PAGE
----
While the media has been marveling at the chutzpah of Chesapeake Energy (NYSE: CHK) CEO Aubrey McClendon and his daring (dastardly?) deeds that have kept the company stuck in the market's penalty box (at least until recently), there may be an even bigger problem at Chesapeake: its 401(k) plan.

According to retirement plan information provider Brightscope, a massive 48% of the assets in Chesapeake's 401(k) plan are in Chesapeake stock. Unlike the gamblin' ways of McClendon, this doesn't pose a threat to the company itself, but it does create a huge amount of risk for the company's employees and their hopes of a comfortable retirement.

I don't like the way Chesapeake has been managed, particularly in recent years. But that's of little consequence here. The bottom line is that whether we're talking Chesapeake or any other company, having an outsized chunk of 401(k) funds in company stock is asking for trouble.

An alarmist would bring up Enron and the bludgeoning its employees' retirement accounts took when the company's stock collapsed. And, really, a lot should have been learned from that. But it's not just about Enron -- or Chesapeake, for that matter. According to Brightscope, a full 50% of Coca-Cola's (NYSE: KO) 401(k) is invested in company stock. Sherwin-Williams (NYSE: SHW) has 56% of its plan assets in company stock, while 41% of General Electric's (NYSE: GE) near-$20 billion 401(k) plan is in GE stock.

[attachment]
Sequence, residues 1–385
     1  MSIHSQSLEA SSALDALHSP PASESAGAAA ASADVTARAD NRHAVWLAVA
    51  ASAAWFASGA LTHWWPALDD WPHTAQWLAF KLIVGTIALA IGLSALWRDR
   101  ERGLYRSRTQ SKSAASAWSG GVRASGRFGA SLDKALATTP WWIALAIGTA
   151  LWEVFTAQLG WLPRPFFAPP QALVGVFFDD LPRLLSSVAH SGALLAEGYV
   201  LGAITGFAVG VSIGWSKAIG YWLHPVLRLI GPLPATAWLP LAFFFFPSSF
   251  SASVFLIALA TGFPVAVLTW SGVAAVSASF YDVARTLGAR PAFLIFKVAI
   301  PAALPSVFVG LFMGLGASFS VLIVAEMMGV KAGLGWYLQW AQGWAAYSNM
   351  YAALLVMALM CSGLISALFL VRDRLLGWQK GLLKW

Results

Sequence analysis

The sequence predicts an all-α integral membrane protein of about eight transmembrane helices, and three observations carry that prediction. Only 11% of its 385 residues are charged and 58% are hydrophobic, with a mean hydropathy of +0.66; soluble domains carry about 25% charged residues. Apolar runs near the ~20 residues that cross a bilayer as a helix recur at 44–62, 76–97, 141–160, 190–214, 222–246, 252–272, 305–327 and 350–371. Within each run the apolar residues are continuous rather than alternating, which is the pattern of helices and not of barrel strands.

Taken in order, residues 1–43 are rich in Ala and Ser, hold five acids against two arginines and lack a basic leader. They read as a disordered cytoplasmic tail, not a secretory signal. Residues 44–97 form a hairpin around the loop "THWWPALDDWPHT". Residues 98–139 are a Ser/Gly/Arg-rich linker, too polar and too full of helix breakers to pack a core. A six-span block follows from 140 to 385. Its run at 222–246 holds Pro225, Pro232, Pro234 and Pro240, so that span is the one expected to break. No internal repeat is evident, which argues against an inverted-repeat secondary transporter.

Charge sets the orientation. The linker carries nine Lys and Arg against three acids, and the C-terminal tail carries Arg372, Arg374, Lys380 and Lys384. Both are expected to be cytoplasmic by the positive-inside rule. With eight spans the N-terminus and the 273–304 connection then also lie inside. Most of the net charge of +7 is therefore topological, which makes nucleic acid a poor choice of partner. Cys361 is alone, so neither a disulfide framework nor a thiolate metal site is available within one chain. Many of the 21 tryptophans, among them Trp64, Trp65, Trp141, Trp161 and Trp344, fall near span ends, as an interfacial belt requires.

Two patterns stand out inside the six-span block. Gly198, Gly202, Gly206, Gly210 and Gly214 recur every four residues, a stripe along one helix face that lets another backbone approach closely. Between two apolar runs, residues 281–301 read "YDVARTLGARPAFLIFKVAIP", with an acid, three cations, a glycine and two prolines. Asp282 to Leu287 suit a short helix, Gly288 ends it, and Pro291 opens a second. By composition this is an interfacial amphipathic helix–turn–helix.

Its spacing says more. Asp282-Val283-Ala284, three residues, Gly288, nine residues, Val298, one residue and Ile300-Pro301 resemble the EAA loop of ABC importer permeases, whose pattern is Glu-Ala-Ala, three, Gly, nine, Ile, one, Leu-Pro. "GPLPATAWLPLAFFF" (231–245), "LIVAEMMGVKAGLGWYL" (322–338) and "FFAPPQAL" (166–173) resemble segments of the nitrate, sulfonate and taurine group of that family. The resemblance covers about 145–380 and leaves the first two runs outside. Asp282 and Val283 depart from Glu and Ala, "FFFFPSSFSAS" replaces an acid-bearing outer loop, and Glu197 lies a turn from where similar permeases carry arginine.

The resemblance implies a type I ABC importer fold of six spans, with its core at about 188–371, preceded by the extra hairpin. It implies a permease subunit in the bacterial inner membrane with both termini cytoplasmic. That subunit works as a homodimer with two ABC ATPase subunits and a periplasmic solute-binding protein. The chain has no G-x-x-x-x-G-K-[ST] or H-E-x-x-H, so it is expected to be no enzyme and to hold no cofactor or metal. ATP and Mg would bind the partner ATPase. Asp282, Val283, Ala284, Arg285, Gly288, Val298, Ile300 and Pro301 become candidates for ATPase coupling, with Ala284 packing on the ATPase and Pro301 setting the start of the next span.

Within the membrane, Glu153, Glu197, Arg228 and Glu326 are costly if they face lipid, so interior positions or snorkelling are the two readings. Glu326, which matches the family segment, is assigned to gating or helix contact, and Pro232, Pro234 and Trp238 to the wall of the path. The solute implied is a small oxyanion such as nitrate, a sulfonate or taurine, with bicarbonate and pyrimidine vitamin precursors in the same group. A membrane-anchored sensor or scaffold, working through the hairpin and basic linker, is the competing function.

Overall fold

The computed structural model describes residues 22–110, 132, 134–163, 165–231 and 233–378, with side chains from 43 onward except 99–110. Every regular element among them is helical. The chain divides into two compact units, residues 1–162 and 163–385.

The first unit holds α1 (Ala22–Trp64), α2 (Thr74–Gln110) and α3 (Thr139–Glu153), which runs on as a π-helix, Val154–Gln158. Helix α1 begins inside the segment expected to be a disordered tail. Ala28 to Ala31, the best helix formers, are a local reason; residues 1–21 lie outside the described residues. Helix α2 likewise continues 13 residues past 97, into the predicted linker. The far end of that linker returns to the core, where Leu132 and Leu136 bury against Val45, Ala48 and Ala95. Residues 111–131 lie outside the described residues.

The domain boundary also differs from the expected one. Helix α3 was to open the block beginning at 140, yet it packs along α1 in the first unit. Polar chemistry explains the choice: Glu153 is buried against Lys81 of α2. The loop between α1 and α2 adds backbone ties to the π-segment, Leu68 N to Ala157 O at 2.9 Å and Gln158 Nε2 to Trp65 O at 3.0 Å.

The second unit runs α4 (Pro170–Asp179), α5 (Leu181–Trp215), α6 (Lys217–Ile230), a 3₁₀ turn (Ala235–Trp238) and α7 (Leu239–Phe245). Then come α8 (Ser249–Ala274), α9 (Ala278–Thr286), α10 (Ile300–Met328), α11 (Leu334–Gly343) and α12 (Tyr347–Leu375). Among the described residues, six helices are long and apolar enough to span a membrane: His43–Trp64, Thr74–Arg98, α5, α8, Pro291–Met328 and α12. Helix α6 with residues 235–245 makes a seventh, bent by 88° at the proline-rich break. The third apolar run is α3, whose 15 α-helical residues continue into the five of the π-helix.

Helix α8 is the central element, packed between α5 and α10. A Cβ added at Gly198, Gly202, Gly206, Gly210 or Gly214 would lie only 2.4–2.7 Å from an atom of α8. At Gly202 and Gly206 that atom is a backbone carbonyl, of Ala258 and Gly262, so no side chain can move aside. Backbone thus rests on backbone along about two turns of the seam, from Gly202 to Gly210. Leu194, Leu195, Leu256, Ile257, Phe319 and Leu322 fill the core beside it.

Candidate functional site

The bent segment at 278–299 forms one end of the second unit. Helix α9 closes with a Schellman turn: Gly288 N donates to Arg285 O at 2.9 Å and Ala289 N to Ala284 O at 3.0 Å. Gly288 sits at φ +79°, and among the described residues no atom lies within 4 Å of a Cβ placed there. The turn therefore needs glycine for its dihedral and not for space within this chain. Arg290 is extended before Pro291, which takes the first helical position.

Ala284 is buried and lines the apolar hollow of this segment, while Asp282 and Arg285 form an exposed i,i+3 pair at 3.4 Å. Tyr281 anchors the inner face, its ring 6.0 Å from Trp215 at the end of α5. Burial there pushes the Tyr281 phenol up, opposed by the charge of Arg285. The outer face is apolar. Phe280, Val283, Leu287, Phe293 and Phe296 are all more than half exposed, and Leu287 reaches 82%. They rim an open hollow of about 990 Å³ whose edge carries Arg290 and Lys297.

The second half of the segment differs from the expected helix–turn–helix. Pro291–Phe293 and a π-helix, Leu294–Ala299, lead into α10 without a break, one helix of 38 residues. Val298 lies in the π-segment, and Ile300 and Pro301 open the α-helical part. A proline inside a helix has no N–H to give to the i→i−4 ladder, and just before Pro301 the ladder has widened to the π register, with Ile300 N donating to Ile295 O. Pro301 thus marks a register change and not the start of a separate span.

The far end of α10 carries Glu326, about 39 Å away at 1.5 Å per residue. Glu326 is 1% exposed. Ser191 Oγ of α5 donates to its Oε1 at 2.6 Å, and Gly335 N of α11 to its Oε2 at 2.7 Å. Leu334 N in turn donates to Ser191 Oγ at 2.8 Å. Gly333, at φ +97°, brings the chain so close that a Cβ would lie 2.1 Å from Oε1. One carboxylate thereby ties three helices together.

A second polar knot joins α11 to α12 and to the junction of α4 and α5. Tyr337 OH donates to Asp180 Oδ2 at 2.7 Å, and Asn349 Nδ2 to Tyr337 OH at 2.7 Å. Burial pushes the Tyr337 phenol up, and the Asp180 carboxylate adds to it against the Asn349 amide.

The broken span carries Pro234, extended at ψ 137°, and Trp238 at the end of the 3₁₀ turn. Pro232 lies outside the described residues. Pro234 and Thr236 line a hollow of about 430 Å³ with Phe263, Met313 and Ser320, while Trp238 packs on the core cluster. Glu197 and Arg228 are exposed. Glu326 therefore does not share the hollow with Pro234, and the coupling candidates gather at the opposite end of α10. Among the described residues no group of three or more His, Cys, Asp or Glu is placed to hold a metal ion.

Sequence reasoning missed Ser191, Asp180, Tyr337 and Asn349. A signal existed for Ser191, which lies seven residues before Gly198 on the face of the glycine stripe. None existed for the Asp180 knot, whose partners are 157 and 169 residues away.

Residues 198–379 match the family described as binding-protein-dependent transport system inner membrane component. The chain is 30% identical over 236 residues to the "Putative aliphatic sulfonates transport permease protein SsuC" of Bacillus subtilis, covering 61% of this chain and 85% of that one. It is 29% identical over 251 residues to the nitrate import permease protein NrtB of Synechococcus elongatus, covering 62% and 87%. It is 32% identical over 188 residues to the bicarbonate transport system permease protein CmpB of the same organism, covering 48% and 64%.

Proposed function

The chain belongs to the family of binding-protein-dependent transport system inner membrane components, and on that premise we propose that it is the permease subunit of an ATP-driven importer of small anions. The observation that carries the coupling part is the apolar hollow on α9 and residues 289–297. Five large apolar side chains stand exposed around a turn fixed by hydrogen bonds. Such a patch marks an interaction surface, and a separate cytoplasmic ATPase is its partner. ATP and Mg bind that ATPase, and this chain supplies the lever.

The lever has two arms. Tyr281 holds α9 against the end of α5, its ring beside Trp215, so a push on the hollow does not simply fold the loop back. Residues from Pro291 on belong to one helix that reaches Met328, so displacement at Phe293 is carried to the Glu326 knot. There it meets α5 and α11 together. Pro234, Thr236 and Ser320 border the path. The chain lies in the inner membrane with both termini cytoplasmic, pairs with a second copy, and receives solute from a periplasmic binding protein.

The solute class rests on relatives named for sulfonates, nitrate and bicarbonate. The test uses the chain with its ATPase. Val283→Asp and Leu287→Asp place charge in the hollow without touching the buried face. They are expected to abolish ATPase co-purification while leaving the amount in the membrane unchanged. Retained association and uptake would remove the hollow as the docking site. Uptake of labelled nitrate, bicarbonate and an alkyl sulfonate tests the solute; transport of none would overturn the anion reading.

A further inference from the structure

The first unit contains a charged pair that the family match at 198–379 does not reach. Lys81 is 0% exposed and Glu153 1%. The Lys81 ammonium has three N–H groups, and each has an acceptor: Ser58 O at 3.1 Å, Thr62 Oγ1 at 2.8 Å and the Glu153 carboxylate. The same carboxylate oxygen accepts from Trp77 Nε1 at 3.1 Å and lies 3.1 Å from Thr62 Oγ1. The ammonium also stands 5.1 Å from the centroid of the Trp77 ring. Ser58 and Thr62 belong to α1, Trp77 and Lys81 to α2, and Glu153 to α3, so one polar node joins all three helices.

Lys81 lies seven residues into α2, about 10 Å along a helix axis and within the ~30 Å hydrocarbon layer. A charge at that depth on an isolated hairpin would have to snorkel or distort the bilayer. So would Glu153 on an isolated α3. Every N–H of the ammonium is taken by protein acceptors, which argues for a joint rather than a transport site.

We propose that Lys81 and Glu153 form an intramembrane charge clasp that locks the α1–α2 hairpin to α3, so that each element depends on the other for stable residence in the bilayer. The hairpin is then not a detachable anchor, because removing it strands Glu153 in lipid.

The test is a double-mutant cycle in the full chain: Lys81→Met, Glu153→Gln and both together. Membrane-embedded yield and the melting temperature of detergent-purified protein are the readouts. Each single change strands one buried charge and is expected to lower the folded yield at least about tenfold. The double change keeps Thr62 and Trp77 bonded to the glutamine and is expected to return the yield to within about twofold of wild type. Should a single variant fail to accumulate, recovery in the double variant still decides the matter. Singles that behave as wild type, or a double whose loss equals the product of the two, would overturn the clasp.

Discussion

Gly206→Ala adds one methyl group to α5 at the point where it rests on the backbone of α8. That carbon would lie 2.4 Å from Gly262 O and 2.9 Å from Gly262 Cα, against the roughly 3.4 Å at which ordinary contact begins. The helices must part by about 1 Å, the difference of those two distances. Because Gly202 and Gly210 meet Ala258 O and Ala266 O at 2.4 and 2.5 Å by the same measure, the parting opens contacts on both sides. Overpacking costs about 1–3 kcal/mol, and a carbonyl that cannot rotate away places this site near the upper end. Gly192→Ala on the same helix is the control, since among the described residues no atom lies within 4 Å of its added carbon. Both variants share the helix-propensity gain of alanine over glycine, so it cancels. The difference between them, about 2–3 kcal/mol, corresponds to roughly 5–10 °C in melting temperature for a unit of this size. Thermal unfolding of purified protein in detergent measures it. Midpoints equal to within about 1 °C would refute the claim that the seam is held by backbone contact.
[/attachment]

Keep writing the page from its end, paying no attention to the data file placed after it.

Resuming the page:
While this heavy concentration in Chesapeake stock may have seemed like a great idea for employees in the past, it's been a nightmare over the past five years.


CHK data provided by YCharts.

Over that stretch, Chesapeake workers would have done far better by simply being invested in an index fund that matched the S&P 500 (INDEX: ^GSPC) index.

But the performance of Chesapeake's stock -- or Coke's, Sherwin-Williams', or GE's, for that matter -- is beside the point. The bottom line is that you already have huge financial exposure to your employer because it pays your monthly paycheck. Amplifying that by loading your retirement portfolio full of company stock is a terrible idea.